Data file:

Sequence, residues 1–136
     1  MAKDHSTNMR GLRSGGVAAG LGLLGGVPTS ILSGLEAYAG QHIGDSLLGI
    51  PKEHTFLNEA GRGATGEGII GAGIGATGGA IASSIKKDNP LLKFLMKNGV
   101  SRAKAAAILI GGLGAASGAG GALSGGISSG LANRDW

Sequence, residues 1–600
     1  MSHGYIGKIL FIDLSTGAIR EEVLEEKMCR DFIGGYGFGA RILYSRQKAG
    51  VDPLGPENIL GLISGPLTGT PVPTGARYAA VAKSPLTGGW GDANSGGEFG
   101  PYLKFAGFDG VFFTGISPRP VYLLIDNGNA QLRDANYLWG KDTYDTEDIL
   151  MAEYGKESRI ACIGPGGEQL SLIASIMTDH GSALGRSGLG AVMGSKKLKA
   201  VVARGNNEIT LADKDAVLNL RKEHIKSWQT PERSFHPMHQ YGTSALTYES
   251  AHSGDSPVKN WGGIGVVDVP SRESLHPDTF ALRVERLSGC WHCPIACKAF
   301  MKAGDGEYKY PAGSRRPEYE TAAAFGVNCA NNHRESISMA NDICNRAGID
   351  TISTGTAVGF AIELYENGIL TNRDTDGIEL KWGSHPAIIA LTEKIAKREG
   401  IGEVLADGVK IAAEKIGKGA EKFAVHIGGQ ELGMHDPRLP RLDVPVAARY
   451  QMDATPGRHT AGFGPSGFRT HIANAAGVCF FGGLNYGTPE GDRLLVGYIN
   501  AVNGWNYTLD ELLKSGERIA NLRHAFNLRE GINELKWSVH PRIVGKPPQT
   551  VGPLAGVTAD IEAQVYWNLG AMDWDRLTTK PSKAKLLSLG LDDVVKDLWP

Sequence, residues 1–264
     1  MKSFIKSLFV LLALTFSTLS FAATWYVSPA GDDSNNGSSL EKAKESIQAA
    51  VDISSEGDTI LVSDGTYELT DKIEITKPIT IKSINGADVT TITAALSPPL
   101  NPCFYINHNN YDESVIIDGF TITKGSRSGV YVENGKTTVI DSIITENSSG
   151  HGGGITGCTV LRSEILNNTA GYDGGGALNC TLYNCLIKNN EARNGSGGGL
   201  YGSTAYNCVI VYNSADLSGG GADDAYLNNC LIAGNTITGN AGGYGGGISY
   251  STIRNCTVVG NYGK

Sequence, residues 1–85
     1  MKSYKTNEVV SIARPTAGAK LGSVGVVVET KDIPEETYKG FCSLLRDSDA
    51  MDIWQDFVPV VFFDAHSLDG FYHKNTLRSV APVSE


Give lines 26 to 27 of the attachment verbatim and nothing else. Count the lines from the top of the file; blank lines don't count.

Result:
     1  MKSYKTNEVV SIARPTAGAK LGSVGVVVET KDIPEETYKG FCSLLRDSDA
    51  MDIWQDFVPV VFFDAHSLDG FYHKNTLRSV APVSE